Viral TikTok challenges put aspiring dancers ‘at risk of injury’ | ICT Tac

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Aspiring dancers risk injury copying advanced moves and participating in viral challenges on TikTok, major dance organizations have warned.

The Royal Academy of Dance says young people should be careful when trying to recreate moves from professional dancers or taking part in social media challenges.

In an interview with The Stageartistic director, Gerard Charles, says that while the platform can be a “great inspiration” for amateur dancers, supervision by a qualified teacher is essential to avoid injury.

“Watching dance on TikTok can be a great source of inspiration, but without an experienced and qualified teacher who understands physical development and age-appropriate movements, it’s all too easy to copy what you see on the social media to lead to injury,” he said.

Louise Molton, director of education at the Imperial Society of Teachers of Dancing, encouraged aspiring dancers to consider formal training.

“Repeating routines without focused feedback does not support technical and artistic development and can lead to injury and poor practice,” she said.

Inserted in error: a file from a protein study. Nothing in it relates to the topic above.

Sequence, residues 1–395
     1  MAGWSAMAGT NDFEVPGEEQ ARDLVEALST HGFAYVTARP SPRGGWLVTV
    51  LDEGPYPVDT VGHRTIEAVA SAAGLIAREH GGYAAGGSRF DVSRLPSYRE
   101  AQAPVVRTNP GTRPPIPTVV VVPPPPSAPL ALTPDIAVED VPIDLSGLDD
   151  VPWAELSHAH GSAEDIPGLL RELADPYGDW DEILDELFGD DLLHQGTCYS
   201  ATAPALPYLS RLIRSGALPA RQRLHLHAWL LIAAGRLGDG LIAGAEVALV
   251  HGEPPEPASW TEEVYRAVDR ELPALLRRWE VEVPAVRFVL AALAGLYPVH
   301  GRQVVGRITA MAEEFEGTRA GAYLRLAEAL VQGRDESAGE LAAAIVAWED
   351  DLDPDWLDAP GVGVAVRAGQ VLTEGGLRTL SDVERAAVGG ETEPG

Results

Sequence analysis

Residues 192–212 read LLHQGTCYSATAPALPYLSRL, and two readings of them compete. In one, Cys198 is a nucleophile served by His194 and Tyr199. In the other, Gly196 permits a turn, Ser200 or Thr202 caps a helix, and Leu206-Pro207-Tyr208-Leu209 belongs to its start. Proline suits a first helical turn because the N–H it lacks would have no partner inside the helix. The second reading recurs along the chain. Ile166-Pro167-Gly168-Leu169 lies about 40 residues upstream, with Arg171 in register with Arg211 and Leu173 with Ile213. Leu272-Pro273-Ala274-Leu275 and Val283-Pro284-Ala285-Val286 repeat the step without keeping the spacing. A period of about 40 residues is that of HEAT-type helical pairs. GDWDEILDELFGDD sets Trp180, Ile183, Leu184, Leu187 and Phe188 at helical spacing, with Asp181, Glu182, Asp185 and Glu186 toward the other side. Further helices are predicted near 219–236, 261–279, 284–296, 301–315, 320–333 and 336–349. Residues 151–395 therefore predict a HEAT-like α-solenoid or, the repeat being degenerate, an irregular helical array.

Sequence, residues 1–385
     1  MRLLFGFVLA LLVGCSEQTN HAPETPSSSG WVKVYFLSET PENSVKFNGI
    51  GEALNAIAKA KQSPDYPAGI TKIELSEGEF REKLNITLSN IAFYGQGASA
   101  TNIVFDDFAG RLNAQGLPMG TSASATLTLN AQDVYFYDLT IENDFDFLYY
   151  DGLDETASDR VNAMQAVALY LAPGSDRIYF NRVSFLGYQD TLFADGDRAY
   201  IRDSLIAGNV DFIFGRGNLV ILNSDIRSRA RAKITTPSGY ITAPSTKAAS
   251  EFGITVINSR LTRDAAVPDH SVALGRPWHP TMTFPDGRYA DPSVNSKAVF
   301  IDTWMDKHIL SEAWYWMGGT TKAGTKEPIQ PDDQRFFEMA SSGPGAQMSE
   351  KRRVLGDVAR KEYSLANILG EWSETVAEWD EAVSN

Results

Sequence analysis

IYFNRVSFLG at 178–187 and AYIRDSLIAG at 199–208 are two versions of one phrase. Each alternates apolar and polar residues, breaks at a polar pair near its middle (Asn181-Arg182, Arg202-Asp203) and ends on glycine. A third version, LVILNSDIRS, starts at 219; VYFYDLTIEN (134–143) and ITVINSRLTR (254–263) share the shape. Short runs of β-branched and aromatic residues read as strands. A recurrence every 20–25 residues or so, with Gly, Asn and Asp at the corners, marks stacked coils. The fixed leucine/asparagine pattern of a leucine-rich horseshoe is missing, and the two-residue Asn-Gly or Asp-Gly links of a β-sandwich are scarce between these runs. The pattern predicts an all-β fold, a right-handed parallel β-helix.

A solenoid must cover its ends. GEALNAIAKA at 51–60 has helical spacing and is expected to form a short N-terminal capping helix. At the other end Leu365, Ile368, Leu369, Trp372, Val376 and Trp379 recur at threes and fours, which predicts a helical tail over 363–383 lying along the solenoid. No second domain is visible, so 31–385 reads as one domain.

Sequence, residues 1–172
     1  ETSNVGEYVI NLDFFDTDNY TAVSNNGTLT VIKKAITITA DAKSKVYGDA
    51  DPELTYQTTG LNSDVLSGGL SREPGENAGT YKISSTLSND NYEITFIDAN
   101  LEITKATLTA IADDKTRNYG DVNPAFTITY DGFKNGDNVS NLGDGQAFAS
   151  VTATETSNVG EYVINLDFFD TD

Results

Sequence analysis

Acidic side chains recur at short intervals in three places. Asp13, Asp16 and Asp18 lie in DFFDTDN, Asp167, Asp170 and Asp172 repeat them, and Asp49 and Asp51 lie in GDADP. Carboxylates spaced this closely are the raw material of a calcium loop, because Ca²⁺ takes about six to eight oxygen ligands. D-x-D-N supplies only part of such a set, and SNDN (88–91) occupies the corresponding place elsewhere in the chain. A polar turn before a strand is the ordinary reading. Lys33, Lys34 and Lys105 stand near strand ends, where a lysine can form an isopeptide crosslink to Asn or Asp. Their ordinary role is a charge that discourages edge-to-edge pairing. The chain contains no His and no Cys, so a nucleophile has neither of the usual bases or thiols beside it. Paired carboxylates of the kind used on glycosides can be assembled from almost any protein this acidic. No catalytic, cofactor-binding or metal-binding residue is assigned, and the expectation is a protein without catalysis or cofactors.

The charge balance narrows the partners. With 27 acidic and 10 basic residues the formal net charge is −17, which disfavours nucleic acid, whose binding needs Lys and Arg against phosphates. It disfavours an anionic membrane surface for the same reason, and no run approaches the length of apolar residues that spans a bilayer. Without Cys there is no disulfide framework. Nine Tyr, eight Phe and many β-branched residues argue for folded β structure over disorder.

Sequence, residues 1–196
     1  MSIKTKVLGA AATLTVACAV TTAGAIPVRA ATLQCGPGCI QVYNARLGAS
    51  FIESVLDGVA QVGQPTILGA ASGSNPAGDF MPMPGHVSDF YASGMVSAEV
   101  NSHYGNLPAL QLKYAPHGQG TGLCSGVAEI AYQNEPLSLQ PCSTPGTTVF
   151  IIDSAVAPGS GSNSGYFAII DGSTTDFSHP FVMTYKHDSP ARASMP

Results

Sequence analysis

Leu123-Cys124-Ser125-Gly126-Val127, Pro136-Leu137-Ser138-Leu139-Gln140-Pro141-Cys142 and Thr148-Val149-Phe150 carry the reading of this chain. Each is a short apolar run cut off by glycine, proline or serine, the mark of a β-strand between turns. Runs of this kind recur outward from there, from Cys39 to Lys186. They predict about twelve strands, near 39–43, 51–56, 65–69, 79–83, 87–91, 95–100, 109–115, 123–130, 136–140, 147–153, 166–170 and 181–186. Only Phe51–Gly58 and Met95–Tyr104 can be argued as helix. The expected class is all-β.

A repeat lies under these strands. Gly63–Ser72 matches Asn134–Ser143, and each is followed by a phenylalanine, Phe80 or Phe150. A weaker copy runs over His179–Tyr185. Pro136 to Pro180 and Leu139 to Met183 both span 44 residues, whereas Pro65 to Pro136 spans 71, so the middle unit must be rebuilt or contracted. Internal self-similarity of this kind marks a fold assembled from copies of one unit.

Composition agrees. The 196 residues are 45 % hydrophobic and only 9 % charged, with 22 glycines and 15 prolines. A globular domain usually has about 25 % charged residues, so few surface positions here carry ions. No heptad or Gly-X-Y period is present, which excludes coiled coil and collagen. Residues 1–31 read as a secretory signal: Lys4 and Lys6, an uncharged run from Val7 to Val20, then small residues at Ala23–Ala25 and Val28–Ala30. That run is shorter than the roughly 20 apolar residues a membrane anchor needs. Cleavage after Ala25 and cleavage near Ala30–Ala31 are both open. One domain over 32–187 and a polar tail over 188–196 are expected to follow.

“Learning without a teacher, who can provide corrections in the early stages of any physical activity, could be dangerous and lead to permanent injury or damage later in life.”

Last week, American actress Kyra Sedgwick was photographed with an ice pack on her wrist after attempting the “Footloose Drop”, a current trend in TikTok dancing.

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Her husband, Kevin Bacon, who starred in the film, shared the photo of Sedgwick, 56, on Instagram, with the caption: “The consequences of nailing a TikTok dance #Footloose,” after the couple successfully completed the move.

In 2020, a series of TikTok users were reportedly hurt after attempting a complicated series of moves to “WAP” by Cardi B and Megan Thee Stallion during the first Covid lockdown.

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According to the New York Post, at least one aspiring dancer has been taken to hospital after copying the viral dance, which includes lunges, twerks and a jump kick.

TikTok, however, has also been praised for its inclusiveness and for encouraging young people to discover new interests.

Danielle Drayton, creative director of Blue Fish Entertainments, said breaking down moves into short tutorials can be more engaging for social media users than a formal lesson.

“With inspiring companies like the Rockettes or the cast of Dance Moms breaking down a dance move into 15-30 seconds, dancing can sometimes feel less tedious online than in a classroom,” she said.

TikTok advises anyone starting a new fitness program or exercise routine to seek advice or guidance from a qualified professional.

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